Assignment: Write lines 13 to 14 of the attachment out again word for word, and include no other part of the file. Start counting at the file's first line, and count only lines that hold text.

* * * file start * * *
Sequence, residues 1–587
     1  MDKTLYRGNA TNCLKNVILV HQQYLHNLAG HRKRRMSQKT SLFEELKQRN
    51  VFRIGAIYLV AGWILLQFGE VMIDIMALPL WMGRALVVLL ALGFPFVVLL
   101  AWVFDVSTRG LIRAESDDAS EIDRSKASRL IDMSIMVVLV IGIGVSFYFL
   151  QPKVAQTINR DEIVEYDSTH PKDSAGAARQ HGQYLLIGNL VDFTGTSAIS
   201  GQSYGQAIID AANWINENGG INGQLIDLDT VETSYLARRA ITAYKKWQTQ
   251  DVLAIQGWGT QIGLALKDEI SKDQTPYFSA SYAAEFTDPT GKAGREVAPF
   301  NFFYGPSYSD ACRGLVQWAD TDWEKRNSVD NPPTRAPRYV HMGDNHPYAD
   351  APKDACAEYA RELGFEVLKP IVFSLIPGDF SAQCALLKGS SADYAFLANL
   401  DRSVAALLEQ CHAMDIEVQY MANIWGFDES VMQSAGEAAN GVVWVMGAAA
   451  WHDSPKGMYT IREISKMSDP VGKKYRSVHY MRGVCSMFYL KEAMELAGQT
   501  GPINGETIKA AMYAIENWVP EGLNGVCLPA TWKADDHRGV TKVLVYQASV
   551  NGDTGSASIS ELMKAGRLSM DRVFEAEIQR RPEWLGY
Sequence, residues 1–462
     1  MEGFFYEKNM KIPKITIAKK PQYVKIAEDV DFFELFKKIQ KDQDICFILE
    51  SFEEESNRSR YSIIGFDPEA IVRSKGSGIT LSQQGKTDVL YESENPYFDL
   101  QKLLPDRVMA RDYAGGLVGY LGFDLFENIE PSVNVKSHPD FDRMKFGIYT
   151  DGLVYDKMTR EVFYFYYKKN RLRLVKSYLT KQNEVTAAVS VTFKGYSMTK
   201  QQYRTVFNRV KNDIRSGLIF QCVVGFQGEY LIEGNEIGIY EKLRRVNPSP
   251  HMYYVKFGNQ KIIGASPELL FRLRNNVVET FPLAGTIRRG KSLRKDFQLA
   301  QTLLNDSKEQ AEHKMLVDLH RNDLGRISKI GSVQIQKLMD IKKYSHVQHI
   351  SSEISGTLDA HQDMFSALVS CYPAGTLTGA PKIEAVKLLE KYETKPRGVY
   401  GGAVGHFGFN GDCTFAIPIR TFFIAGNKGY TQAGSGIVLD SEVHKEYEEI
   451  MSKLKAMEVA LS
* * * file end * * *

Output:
   551  NGDTGSASIS ELMKAGRLSM DRVFEAEIQR RPEWLGY
Sequence, residues 1–462